Recently, researchers have explored many viral and nonviral vectors to deliver miRNA mimics or anti-miRs to the target cells. Among these vectors, mesoporous silica nanoparticles (MSNs) have been considered to be promising candidates due to their unique characteristics, including tunable pore structure, large surface area and pore volume, favorable biocompatibility, thermal stability, and easy surface modification.22–25 A series of stimuli-responsive gatekeepers have been developed for the controlled release of drugs from MSNs.26,27 Among them, polymerized dopamine (PDA), formed by the catechol group of dopamine in weak alkaline conditions (pH 8.5), can spontaneously bind to any material surface through covalent and noncovalent interactions.28,29 The PDA film on the surface of MSNs, which serves as a pH-sensitive gatekeeper to controlled release of drug in the acid environment of tumor, can also react with amine- or thiol-terminated active targeting ligands, such as SH-aptamer.30 AS1411 aptamer, the first US Food and Drug Administration-approved aptamer, can specifically bind to nucleolin, which is overexpressed on the cell surface of many tumors including CRC.31–35
In the present study, we explored the expression of miR-155 and NF-κB in CRC tissues and cell lines and the possible relationship between miR-155 and NF-κB. We further report anti-miR-155-loaded MSNs modified with polydopamine (PDA) and AS1411 aptamer (MSNs-anti-miR-155@PDA-Apt) for the targeted treatment of CRC (as shown in Scheme 1). Furthermore, we evaluate whether the inhibition of miR-155 by MSNs-anti-miR-155@PDA-Apt can enhance the sensitivity of SW480 to 5-FU chemotherapy.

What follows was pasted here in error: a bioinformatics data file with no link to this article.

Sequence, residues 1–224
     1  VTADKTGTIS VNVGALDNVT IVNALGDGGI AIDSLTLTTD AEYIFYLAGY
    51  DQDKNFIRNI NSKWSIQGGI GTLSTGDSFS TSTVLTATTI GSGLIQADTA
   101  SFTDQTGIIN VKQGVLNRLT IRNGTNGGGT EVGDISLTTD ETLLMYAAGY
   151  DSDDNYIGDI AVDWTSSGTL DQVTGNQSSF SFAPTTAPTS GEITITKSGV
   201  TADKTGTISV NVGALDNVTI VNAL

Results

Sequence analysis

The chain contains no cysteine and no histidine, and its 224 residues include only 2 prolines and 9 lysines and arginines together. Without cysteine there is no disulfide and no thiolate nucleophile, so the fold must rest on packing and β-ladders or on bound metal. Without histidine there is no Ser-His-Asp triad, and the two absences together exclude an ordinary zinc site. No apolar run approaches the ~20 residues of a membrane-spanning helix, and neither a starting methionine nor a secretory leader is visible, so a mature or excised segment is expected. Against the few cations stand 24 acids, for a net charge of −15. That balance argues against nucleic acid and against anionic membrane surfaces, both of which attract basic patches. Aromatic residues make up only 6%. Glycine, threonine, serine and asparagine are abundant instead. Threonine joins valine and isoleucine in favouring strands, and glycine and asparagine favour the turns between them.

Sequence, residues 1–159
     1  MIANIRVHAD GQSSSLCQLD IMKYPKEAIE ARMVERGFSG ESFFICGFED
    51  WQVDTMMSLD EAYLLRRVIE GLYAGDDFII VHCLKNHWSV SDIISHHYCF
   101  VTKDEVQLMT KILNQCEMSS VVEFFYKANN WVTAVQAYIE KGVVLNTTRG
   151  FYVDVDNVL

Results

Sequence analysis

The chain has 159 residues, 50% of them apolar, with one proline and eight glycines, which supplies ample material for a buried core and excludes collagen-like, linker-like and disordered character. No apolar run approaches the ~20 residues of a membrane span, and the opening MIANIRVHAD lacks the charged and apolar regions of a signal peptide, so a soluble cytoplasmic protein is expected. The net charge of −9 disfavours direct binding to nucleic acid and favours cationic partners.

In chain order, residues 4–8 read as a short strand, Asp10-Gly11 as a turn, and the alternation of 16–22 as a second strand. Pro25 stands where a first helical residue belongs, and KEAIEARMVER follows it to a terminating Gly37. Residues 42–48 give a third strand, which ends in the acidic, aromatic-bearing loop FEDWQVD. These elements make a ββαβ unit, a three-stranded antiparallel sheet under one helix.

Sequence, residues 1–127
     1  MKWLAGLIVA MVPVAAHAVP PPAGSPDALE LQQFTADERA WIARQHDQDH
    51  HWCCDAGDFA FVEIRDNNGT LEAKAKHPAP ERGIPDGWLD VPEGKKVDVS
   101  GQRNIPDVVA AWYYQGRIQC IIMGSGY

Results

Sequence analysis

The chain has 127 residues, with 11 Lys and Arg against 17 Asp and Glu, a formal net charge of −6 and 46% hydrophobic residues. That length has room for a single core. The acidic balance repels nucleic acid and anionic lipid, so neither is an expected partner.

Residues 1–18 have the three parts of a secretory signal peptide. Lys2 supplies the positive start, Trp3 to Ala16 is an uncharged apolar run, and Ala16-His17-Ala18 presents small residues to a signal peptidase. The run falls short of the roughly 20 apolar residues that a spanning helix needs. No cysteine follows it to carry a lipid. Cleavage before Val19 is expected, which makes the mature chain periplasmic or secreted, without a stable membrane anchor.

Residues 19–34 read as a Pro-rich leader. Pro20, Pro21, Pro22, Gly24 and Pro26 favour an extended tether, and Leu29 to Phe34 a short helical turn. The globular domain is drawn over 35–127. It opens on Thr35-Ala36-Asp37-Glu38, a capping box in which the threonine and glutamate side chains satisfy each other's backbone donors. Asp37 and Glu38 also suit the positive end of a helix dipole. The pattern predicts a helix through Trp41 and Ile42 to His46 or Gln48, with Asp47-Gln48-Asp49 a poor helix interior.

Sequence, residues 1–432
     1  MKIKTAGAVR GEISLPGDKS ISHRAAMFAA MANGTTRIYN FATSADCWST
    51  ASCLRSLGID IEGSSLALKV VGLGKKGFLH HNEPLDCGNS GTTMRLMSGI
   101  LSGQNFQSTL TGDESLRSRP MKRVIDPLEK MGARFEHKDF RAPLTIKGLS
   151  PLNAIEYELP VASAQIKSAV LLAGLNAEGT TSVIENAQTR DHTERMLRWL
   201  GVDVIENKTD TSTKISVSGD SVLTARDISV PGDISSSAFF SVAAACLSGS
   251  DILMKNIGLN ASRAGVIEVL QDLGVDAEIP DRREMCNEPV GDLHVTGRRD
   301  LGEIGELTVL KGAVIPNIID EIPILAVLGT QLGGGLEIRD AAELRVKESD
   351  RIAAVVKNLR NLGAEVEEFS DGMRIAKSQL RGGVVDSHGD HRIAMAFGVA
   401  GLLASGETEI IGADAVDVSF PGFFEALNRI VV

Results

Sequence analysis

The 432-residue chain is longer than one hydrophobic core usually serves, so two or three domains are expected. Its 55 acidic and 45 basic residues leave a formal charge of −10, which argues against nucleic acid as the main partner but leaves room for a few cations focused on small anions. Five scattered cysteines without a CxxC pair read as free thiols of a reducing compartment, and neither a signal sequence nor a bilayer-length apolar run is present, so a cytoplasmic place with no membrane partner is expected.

Materials and methods
Cetyltrimethylammonium bromide (CTAB), tetraethyl orthosilicate (TEOS), 2-(3,4-dihydroxyphenyl) ethylamine (dopamine) hydrochloride, near infrared heptamethine cyanine dyes IR-783, dimethyl sulfoxide (DMSO), 3-(4,5-dimethylthiazol-2-yl)-2,5-diphenyltetrazolium bromide (MTT), 4′,6-diamidino-2-phenylindole (DAPI), 5′-bromo-2′-deoxyuridine (BrdU) and (3-aminopropyl)-triethoxysilane (APTES) were purchased from Sigma-Aldrich Co. (St Louis, MO, USA). Ammonium fluoride (NH4F) was bought from Aladdin Industrial Co., Ltd. (Shanghai, China). BCA protein assay kit and RIPA lysis buffer were obtained from Beyotime Biotechnology (Jiangsu, China). Dulbecco’s Modified Eagle’s Medium (DMEM), RPMI-1640 cell culture medium, fetal bovine serum (FBS), Trizol Reagent, and Lipofectamine™ 2000 were bought from Thermo Fisher Scientific (Waltham, MA, USA). TaqMan® MicroRNA Reverse Transcription Kit, TaqMan® MicroRNA Assay, and Taqman® Universal PCR Master Mix II were purchased from Thermo Fisher Scientific. 5-Fluorouracil (5-FU) was obtained from Shanghai Xudong Haipu Pharmaceutical Co., Ltd (Shanghai, China). Antibody against BrdU, NF-κB (P65), and β-actin were purchased from Abcam Technology (Cambridge, UK).